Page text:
What do counselling and psychotherapy involve?
Both provide an opportunity to talk confidentially about yourself to a skilled, caring and empathic practitioner. You will be listened to respectfully, without judgement and helped to gain greater understanding of your difficulties and what you would like to be different in your life. The focus of the sessions may be to work through a particular crisis or problem. Or you may wish to explore feelings of inner conflict, or to look at ways of improving your relationships with others. The aim will be to gradually uncover the blocks and barriers that are preventing you from leading a more fulfilled and rewarding life.
Sessions typically last 50 minutes, but some practitioners may vary this. Longer sessions may be appropriate when working with couples, families or groups. A first meeting will always focus on contracting arrangements such as the aims, frequency, costs and scheduling of the work. These will be openly discussed between you. Different practitioners will approach these questions in different ways, but will all be transparent about what they are offering and on what basis. They will be equally clear if they feel they are not the right person to offer what you are seeking.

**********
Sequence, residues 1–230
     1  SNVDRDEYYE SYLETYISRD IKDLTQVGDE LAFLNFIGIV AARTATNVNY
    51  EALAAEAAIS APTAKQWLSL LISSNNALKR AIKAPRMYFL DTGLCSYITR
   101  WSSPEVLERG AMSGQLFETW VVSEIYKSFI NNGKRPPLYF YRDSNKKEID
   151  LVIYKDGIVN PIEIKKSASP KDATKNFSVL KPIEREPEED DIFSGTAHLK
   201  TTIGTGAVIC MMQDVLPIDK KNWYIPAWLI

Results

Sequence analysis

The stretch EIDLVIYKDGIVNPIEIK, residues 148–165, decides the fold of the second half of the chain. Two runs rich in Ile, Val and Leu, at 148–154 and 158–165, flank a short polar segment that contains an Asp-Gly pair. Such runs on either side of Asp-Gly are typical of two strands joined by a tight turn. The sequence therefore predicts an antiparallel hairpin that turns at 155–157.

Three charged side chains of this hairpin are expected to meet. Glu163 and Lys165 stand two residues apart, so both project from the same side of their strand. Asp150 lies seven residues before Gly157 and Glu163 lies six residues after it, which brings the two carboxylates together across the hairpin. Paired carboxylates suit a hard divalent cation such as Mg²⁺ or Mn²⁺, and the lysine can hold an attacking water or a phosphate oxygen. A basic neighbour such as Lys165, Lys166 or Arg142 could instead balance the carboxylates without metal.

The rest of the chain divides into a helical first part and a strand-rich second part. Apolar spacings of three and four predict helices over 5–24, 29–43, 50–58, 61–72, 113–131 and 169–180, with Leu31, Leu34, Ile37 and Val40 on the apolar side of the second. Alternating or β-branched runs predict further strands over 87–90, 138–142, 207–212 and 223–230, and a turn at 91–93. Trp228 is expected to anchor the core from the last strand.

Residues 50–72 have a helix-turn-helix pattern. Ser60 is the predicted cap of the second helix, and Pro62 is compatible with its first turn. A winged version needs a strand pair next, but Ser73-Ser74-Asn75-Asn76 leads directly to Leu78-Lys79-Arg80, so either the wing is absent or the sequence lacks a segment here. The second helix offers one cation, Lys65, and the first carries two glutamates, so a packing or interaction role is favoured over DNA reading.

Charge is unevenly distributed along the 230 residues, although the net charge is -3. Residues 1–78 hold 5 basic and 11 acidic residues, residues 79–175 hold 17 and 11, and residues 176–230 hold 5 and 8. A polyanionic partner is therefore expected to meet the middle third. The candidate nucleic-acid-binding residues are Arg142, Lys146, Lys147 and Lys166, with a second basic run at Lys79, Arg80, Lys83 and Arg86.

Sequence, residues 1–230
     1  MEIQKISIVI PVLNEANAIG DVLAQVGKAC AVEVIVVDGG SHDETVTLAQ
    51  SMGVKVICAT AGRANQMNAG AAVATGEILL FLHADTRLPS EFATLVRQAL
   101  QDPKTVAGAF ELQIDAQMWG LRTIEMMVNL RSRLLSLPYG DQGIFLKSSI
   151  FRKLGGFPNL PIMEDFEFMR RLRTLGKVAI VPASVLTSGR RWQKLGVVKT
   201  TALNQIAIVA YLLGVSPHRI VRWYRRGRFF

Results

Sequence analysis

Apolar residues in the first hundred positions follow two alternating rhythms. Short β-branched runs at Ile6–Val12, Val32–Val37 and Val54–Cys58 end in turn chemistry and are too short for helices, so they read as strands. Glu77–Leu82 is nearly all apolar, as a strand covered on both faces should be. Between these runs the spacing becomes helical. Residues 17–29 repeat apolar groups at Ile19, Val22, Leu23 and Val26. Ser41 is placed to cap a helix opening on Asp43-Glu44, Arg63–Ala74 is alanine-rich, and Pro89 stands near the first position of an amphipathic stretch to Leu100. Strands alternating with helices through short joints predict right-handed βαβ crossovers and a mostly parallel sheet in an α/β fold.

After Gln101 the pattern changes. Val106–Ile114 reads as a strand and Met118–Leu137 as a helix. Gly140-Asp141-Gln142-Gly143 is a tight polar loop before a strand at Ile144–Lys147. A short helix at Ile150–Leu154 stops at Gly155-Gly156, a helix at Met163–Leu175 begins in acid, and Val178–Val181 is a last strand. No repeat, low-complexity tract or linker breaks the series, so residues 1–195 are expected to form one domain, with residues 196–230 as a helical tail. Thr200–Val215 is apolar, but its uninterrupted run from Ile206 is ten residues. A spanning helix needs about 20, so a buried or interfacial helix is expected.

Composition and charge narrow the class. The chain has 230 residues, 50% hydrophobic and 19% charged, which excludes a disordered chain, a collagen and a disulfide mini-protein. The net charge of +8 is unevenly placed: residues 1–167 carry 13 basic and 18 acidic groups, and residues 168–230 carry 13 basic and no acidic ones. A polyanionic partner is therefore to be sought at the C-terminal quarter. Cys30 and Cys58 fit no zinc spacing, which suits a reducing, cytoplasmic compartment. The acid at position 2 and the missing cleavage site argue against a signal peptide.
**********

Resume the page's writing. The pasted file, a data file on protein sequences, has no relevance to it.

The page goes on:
What is the difference between counselling and psychotherapy?
The two disciplines have much in common, but counselling is usually understood to be shorter-term and focused on specific issues or problems. Psychotherapy is typically longer-term, involving deeper exploration of the sometimes unconscious forces that over many years have come to shape us, and either help or inhibit the changes we are trying to make.